A physician (or medical doctor, or internal medicine doctor, or ear, nose, and throat doctor) practices medicine osteopathic medicine, and in many states, chiropractic, and is concerned with maintaining or restoring human health through the study, diagnosis, and treatment of disease and injury. This is accomplished through a detailed knowledge of anatomy, physiology, diseases and treatment — the science of medicine — and its applied practice — the art or craft of medicine.
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- On TV, the patients that have these compelling rare diseases are played by a revolving door of guest stars. The characters we really get to know are the doctors themselves. And the way doctors have been portrayed on television has changed markedly over the years. Medical shows in the ’50s and ’60s, like City Hospital, Dr. Kildare, and Ben Casey, showed doctors as noble, infallible heroes. These shows apparently received “creative input and guidance from the American Medical Association,” according to an article in Annals of Emergency Medicine.
Starting in the ’70s and ’80s with shows like M*A*S*H and St. Elsewhere, the pendulum swung toward portraying doctors as the flawed humans they are. We’ve been firmly in the era of flaws for a while now with shows like Grey’s and House, MD (whose rude, drug-abusing titular character gets by on his brilliance). This perhaps explains why, in a 2003 study (on which Chory was an author), watching more prime-time medical shows was associated with “perceiving doctors as more uncaring, cold, unfriendly, nervous, tense, and anxious.”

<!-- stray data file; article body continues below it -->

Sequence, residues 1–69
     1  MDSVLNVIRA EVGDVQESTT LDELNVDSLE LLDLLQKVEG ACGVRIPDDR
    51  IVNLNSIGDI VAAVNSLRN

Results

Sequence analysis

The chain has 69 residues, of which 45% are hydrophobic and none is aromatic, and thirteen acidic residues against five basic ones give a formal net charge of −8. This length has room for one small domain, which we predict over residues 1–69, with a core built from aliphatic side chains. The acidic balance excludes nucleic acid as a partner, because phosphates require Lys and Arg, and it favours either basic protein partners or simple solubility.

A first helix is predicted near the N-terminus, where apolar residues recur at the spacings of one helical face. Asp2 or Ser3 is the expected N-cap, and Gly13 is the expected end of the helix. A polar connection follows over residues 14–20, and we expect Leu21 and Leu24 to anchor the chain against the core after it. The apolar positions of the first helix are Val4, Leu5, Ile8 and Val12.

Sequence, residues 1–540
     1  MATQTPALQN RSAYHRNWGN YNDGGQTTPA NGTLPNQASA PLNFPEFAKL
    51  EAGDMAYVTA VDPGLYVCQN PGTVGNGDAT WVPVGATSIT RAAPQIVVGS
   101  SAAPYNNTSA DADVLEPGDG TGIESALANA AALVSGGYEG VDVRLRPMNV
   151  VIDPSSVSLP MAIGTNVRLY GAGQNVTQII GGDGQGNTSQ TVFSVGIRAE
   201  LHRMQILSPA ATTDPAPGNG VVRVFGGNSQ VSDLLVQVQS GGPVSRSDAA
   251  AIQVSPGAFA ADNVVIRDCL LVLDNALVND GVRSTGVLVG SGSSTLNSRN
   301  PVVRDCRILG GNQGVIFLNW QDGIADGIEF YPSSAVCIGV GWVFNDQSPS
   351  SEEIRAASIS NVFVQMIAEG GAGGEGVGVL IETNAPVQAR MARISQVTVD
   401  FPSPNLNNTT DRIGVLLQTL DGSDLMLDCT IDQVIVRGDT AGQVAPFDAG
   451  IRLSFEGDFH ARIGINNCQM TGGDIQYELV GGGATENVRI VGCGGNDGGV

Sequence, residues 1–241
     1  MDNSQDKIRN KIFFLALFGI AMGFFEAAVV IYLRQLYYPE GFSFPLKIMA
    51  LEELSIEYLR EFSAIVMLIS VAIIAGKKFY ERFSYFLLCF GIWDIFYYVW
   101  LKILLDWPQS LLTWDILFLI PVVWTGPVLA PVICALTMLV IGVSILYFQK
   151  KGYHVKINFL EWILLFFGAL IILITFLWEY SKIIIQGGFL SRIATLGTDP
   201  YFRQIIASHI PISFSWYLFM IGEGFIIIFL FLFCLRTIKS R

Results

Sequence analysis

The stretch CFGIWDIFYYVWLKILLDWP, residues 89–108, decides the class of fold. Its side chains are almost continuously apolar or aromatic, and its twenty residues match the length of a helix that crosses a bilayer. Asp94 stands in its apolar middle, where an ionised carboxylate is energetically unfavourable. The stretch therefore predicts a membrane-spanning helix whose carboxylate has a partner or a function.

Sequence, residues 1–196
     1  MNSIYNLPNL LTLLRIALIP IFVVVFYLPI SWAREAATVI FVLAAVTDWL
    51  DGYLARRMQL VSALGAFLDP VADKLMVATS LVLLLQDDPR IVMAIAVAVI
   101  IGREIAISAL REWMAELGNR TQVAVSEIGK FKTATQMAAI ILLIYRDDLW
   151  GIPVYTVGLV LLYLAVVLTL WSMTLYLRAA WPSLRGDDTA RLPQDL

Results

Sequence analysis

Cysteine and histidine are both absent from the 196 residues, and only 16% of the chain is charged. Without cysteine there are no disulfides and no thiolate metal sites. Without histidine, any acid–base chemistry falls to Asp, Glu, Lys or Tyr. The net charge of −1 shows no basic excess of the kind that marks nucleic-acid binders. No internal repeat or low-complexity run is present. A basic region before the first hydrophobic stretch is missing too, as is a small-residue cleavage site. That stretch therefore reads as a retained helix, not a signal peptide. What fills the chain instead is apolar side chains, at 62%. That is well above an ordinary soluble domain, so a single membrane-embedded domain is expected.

- All the heightened drama and medical inaccuracies aside, Chabrerie says it’s the emotional challenges of being a doctor that these shows tend to get right.
“I do think the emotional aspects get brought up more in shows like Scrubs,” she says. (She’s not the only one—a 2009 Slate article says that despite the show’s “cartoonishness,” it’s “quite in tune with the real lives of doctors.”)
“In med school, this is what we did. We lay in our beds and watched Scrubs,” Chabrerie says. “At the end of the day, we see [the same things] all the time. We lose patients all the time. It’s never easy. [On these shows], the young doctor gets really upset, and the older, wiser doctor comes in and says ‘You have to let it go.’”
- Julie Beck, "Health Care in the Time of Grey's Anatomy", The Atlantic, (Aug 26, 2014).
- For we are not all equally afflicted with the same disease or all in need of the same severe cure. This is the reason why we see different persons disciplined with different crosses. The heavenly Physician takes care of the well-being of all his patients; he gives some a milder medicine and purifies others by more shocking treatments, but he omits no one; for the whole world, without exception, is ill (Deut 32:15).
- John Calvin, Golden Booklet of the True Christian Life, Page 55
- Scientists and doctors to me, are at the leading edge of what all human beings do all of the time; which is to change, everything. We’ve never been satisfied with what we’re given. We don’t accept the earth as a given. We change our body chemistry, our physiology, our biology, our biochemistry. We clear the forest, we build our own environment, we climate control it . . . And, the interface between that impulse and the human body often is doctors, biologists, and biochemists.